Total enrollment increases by 16

Devin Field

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While administrators budgeted for 6,150 students to enroll in fall 2017, actual fall enrollment figures showed 6,080 students, an increase of .26 percent over last fall but still not enough to meet projections. The lower-than-expected enrollment will hit all areas at the campus in the pocketbook.

“Headcount wise we’re a little low, which will affect the recreational, athletic and student union fees, because it’s based on headcount, so those budgets will be impacted,” Marilyn Fowlé, vice president of administration and finance, said.

Keith Lamb, vice president of student affairs and enrollment management, said while he and other administrators budgeted for more students than we actually received, there is still opportunity for growth.

“We budgeted what we think we’ll get every semester. If we exceed in the spring, then we can make it up real fast. If we don’t, then it could be even a larger defect,” Lamb said. “We have to look for savings within the operating budget, too. The number now is a small enough difference that those savings will be very easy to find.”

Because MSU has large graduating classes — 707 degrees earned in fall 2016 and 685 degrees earned in spring 2017 — incoming classes have to be larger than the graduating ones to see a jump in enrollment, according to Lamb.

“We had a really large graduating class, so we had to account for the additional graduates and try and grow the school some,” Lamb said. “We are moving in the right direction. It’s not as fast as we would like to see but we are a financially stable institution.”

Data does show kindergarten through 12th grade students in Wichita Falls are shrinking the fastest — by 15 percent — while K-12 in surrounding areas are growing dramatically. Lamb said that this declining number means there are less students in this area to come to MSU, so looking at the data, he is pleased we are growing given the local data.

“If you look at the numbers, our incoming students from the past several years has been very large,” Lamb said. “It took a really big dip in ’16 but has made a great comeback in ’17.”


When it comes to budget, semester credit hours — the number of credit hours students are taking this semester — are “more important” than headcount, according to Lamb. For fall 2017, semester credit hours are at 70,664, which is below expected for the fall but still on budget. If numbers for the spring semester are higher it could help balance out the budget better.

“Headcount is the easy thing to talk about because everyone is interested in it. When you think about it, when you are paying your fees and your tuition, almost all tuition and fees are charged by the hour,” Lamb said. “What’s more important is how many hours we’re generating and we are essentially on budget for that.”

Compared to last fall’s semester credit hours of 69,744, the number of credit hours increased by 802 credit hours — which means students are taking a larger average load than previous years. Based on models that administrators and the finance department use, semester credit hours were close to what they budgeted.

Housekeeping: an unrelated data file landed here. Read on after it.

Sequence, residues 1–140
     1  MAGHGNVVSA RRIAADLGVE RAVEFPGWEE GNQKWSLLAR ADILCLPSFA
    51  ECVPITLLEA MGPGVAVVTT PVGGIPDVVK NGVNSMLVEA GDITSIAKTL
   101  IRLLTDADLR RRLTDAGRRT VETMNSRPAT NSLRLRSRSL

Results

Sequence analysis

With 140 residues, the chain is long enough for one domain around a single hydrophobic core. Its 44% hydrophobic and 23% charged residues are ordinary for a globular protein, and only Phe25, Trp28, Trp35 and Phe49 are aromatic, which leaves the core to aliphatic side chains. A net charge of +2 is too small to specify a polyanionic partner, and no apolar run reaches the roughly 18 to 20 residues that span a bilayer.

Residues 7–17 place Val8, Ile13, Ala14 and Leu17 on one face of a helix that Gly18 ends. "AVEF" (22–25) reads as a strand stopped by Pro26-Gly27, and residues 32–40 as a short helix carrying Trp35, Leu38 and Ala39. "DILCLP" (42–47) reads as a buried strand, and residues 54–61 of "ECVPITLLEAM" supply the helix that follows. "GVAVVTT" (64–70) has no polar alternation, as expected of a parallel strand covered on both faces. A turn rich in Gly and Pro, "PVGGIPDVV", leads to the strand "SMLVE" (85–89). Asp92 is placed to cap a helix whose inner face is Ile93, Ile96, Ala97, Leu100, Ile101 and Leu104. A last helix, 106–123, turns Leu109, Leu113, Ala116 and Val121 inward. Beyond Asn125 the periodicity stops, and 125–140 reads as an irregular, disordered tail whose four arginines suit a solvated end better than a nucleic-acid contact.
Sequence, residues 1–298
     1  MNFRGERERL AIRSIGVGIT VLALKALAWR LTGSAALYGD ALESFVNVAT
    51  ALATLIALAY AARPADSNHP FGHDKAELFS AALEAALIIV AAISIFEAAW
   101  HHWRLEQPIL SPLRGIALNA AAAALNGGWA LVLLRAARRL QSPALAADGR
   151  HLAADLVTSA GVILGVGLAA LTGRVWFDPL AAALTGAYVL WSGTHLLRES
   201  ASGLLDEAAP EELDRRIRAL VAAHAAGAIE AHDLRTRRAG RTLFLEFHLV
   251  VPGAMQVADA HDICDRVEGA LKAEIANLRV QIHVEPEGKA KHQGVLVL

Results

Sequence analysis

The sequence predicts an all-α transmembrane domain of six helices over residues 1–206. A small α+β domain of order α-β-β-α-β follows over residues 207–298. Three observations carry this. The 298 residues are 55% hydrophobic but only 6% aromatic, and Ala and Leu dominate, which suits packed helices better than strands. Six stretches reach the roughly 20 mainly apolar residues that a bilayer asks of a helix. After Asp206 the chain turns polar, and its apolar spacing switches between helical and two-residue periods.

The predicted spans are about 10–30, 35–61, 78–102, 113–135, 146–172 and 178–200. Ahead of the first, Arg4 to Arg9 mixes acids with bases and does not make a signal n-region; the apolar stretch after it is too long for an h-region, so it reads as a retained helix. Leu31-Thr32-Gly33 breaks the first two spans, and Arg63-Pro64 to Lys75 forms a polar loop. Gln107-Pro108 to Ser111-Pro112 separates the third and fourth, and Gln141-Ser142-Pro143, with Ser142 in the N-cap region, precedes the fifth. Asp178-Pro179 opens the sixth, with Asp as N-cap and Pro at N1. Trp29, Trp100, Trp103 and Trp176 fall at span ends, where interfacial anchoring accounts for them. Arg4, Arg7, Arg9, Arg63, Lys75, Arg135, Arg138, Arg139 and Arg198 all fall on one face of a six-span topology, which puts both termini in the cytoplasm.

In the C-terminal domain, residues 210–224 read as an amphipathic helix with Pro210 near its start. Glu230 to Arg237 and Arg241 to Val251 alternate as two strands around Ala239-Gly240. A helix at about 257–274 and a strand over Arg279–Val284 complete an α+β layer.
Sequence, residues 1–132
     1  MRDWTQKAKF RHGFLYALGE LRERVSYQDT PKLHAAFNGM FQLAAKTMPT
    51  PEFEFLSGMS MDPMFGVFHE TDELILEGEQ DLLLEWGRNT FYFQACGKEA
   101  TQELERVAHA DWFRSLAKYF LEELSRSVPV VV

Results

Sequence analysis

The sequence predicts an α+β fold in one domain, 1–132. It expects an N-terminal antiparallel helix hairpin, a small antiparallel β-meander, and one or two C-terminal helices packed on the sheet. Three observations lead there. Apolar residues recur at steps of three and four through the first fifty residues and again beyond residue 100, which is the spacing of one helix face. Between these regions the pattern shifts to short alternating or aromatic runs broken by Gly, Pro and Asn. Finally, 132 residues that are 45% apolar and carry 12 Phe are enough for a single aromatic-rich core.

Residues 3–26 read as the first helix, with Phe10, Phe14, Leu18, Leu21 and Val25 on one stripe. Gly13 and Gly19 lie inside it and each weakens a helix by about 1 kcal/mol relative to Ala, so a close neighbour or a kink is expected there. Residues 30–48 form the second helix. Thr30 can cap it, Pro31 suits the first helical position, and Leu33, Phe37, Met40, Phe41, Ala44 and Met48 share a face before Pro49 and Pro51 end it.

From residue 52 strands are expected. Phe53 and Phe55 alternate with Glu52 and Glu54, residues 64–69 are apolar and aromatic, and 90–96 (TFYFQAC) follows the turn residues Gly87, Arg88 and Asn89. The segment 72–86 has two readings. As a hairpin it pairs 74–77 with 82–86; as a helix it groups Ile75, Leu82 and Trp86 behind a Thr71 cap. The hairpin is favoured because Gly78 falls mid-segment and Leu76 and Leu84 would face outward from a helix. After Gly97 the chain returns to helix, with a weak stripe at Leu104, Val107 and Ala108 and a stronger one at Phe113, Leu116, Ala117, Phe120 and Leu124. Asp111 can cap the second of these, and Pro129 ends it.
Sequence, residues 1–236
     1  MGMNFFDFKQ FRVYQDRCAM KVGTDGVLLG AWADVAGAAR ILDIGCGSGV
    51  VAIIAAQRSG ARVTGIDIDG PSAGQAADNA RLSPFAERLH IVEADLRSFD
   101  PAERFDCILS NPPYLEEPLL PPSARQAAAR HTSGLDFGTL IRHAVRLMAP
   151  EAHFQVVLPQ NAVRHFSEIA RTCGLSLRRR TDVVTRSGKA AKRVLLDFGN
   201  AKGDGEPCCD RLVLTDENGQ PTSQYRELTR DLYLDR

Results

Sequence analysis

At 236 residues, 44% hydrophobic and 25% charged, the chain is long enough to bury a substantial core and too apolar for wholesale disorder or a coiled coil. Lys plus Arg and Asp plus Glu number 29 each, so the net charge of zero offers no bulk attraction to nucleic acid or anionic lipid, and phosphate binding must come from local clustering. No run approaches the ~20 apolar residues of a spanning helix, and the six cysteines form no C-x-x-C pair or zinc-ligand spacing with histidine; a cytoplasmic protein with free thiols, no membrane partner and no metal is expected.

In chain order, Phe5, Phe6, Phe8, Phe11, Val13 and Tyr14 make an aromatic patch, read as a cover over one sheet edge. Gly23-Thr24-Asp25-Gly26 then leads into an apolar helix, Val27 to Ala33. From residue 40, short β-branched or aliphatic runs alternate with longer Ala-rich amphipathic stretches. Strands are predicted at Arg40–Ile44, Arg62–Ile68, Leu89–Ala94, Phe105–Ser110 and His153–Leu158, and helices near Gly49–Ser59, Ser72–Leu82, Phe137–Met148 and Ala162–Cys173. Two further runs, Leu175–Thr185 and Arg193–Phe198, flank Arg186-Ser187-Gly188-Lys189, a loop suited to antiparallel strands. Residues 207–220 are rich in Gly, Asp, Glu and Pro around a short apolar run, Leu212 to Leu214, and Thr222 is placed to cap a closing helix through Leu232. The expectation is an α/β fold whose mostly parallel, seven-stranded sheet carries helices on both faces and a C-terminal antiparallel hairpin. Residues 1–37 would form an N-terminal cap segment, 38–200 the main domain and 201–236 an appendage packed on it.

“We calculate on two different levels, headcount and semester credit hours, so we look at both of those as far as projecting what kind of revenue were gonna have,” Fowlé said. “The semester credit hours were actually almost right on were we thought it would be. And most of the money that comes in is based on those hours.”


The number of first-time freshman grew from 708 to 771, but because the number of returning students decreased, the total enrollment only increased by 16 students. Both the number of new students and the number of returning students have to increase for total enrollment to increase. The admissions office has added new programs to try and solve this problem, such as increasing the school’s online presence with third-party matching services.

“Keeping students is equally as important as recruiting students,” Lamb said. “Learning communities and TASP, the new tutoring center, have been enforced to keep students here and are aimed at addressing the retention issue.”

According to Gayonne Beavers, director of admissions, 40 percent of the students come from the Dallas Fort Worth area — but that is a “big market” for other universities in the country. Beavers said she has increased staff by adding a new person in the DFW area to help recruit, now having two counselors and staff members in that area to be with students.

“One of the key things is making sure that when you’re talking to students, you are able to be in front of them consistently,” Beavers said. “We are making sure we are staffing up enough that we can be in front of students doing presentations, having college fairs, working with student organizations that are at the high school level and that they remember MSU when they are making their college decision.”

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